Albany Rural Cemetery, this city of the dead, is the final resting place for at least 135,000 people, and it still continues as an active cemetery for burial across its tree lined hills and valleys. Among the many historic people interred in ARC are: the 21st President of the United States, Chester A. Arthur; 34 members of Congress; eight presidential Cabinet members; five New York State governors; and 55 mayors of the City of Albany since it founding.
A few other notables buried in Albany Rural Cemetery include:
- General Phillip Schuyler, Revolutionary War hero, and father-in-law of Founding Father Alexander Hamilton.
- Stephen Van Rensselaer III, last Dutch patroon and founder of Rensselaer Polytechnic Institute.
- William James, great grandfather of the novelist Henry James and the psychologist William James.
- Marcus T. Reynolds, architect.
- John Van Buren, son of President Martin Van Buren.
- Erastus Dow Palmer, world-renowned sculptor.
Albany Rural Cemetery also has at least 1,030 Civil War soldiers and sailors buried in it, with the Cemetery Soldiers’ Lot being the resting place of 149 who are specifically commemorated by the Grand Army of the Republic monument constructed here at ARC in 1873.
(For more information on the Soldliers’ Lot See http://www.nps.gov/history/nr/travel/national_cemeteries/New_York/Albany_Rural_Cemetery_Soldiers_Lot.html)
Architectural and Sculptural Beauty—Monuments and Graves
Albany Rural Cemetery offers an amazing array of monuments, crypts and other structures commemorating the legacy and lives of both famous and ordinary people who lived over the past almost two centuries. The stone monuments and other funerary art reflect the changing beliefs and tastes of people relative to human life and death. The ARC is a living, breathing textbook for this gravestone symbolism and artistic expression.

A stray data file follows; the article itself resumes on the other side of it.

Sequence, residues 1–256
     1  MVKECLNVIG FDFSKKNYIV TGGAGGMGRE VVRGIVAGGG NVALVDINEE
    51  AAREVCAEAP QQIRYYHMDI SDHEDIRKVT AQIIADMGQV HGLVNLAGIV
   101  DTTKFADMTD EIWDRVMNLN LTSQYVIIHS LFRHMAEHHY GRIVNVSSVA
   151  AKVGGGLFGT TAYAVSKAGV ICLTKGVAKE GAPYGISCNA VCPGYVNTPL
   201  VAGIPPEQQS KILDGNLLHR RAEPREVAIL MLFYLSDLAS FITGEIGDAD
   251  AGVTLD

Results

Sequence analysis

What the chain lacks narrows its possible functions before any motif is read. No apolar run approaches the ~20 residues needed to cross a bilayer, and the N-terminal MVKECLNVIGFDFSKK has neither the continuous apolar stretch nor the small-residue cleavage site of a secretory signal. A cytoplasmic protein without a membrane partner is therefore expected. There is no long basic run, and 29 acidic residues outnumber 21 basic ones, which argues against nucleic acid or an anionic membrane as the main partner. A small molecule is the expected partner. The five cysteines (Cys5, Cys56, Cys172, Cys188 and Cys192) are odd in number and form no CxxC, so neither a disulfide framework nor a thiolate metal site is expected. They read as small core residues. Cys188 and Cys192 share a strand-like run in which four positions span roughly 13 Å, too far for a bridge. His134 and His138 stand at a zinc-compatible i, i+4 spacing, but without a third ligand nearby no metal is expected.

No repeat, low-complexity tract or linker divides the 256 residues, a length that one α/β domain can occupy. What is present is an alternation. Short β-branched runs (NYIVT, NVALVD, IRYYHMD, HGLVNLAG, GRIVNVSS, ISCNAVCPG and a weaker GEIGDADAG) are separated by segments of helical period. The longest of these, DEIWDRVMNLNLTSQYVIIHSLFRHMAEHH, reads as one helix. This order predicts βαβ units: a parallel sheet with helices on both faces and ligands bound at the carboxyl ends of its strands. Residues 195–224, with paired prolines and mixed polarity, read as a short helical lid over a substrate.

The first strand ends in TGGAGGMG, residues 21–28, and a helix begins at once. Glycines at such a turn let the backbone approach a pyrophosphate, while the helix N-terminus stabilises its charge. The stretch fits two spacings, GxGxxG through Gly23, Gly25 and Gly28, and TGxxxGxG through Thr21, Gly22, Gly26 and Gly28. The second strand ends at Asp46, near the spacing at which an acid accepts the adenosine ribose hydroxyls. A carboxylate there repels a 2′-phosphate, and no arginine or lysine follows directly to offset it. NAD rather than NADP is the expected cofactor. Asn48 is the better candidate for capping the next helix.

Among the most famous sculptures at ARC, Angel at the Sepulcher, is the Erastus Dow Palmer monument to the wife of Robert Lenox Banks. Erastus Dow Palmer is also buried in the Cemetery. Numerous stone and bronze sculptures by the stone cutter to Erastus Dow Palmer, Charles Calverley, also can be seen in Albany Rural.
Natural Beauty—Streams, Plants and Wildlife
The Albany Rural Cemetery is a natural oasis in the middle of the Capital District. It is the ideal spot for a walk, a run, a bike ride, or a drive. The ARC grounds provide a breathtaking natural landscape in any season, and is widely used year-round for peaceful enjoyment and exercise. Unlike some cemeteries, Albany Rural welcomes dogs with their owners, as long as the dogs are on a leash at all times, and owners clean up after their pets.
In addition to Cypress Pond with its fish and frequent visits by ducks and geese, there are two major streams that run west to east across the cemetery (the Kromme Kill and the Moordanaers Kill) dividing the cemetery into three major land sections, North Ridge (which is north of the Kromme Kill) Middle Ridge (which is between the Kromme Kill and the Moordanaers Kill) and South Ridge (which is south of the Moordanaers Kill). The Albany Rural Cemetery is part of a much large watershed, the Kromme Kill Watershed, a major group of tributaries flowing to the Hudson River. (see http://www.krommakillwatershed.org/). There are a number of waterfalls that can be see on both streams, including one on the Moordanears Kill near the Chapel, which can be easily seen from the road.
The Cemetery offers an incredible variety of plants, shrubs and trees as well across its 467 acres. Many species of trees in the Cemetery are marked with tags, indicating their common names and species. Our brochure Visiting the Trees at Albany Rural Cemetery shows the types and map location of some of the most unique varieties of trees in ARC. The brochure can be downloaded here (link for .PDF).
Albany Rural Cemetery is also the home to many species of wildlife, including: deer, woodchucks, opossum, and raccoons. Many species of birds can be seen in ARC throughout the year including: Canadian geese, ducks, hawks, woodpeckers, owls, and wild turkeys. Over the years, a blue heron also is seen regularly during the warmer months in both the North Pond and at Cypress Pond.